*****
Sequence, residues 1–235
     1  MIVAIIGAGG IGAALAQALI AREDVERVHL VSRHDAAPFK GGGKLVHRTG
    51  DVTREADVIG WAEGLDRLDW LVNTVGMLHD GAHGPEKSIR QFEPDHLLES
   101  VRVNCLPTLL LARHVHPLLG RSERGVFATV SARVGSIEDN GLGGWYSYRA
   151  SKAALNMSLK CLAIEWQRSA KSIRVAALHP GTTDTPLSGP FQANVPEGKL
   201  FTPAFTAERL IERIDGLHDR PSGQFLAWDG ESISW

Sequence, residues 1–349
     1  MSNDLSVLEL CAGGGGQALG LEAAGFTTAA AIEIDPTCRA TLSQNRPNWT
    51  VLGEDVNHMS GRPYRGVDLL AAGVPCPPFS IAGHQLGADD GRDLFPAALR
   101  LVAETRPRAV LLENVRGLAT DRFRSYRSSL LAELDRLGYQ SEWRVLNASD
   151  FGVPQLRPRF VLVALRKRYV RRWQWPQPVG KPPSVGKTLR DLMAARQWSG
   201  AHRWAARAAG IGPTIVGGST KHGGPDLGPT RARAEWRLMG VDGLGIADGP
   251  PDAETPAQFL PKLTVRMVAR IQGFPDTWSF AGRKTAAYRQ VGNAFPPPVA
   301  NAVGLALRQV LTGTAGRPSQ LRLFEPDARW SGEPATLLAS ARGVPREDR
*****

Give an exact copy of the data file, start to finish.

Sequence, residues 1–235
     1  MIVAIIGAGG IGAALAQALI AREDVERVHL VSRHDAAPFK GGGKLVHRTG
    51  DVTREADVIG WAEGLDRLDW LVNTVGMLHD GAHGPEKSIR QFEPDHLLES
   101  VRVNCLPTLL LARHVHPLLG RSERGVFATV SARVGSIEDN GLGGWYSYRA
   151  SKAALNMSLK CLAIEWQRSA KSIRVAALHP GTTDTPLSGP FQANVPEGKL
   201  FTPAFTAERL IERIDGLHDR PSGQFLAWDG ESISW

Sequence, residues 1–349
     1  MSNDLSVLEL CAGGGGQALG LEAAGFTTAA AIEIDPTCRA TLSQNRPNWT
    51  VLGEDVNHMS GRPYRGVDLL AAGVPCPPFS IAGHQLGADD GRDLFPAALR
   101  LVAETRPRAV LLENVRGLAT DRFRSYRSSL LAELDRLGYQ SEWRVLNASD
   151  FGVPQLRPRF VLVALRKRYV RRWQWPQPVG KPPSVGKTLR DLMAARQWSG
   201  AHRWAARAAG IGPTIVGGST KHGGPDLGPT RARAEWRLMG VDGLGIADGP
   251  PDAETPAQFL PKLTVRMVAR IQGFPDTWSF AGRKTAAYRQ VGNAFPPPVA
   301  NAVGLALRQV LTGTAGRPSQ LRLFEPDARW SGEPATLLAS ARGVPREDR